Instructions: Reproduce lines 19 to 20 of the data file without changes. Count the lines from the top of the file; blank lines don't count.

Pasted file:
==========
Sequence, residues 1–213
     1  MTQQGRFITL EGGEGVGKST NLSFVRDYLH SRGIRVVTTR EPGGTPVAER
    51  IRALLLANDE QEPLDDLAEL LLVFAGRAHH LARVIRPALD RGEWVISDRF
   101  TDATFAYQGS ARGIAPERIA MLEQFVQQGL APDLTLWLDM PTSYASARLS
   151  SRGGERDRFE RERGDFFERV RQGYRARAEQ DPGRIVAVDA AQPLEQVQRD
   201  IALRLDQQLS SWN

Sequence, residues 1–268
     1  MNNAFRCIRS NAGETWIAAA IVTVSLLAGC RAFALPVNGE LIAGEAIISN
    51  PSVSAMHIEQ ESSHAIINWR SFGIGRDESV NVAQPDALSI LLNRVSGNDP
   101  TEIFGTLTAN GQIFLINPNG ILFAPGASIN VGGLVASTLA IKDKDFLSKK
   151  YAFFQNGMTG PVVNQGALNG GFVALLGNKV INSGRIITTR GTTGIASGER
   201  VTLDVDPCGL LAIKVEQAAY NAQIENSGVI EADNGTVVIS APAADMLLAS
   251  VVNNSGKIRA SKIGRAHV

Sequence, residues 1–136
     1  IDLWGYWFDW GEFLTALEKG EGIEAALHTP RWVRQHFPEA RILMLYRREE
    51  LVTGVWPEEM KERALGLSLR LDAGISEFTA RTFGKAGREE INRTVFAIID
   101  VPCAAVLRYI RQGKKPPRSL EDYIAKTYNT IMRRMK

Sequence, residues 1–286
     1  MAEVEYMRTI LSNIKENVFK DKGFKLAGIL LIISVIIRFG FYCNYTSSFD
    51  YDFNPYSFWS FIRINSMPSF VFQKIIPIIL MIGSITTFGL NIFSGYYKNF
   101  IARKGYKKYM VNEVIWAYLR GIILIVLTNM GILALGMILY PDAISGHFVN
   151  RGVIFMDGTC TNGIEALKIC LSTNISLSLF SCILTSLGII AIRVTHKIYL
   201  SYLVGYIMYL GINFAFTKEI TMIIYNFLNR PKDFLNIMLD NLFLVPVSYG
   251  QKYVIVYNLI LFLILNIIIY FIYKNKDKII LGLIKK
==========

     1  MAEVEYMRTI LSNIKENVFK DKGFKLAGIL LIISVIIRFG FYCNYTSSFD
    51  YDFNPYSFWS FIRINSMPSF VFQKIIPIIL MIGSITTFGL NIFSGYYKNF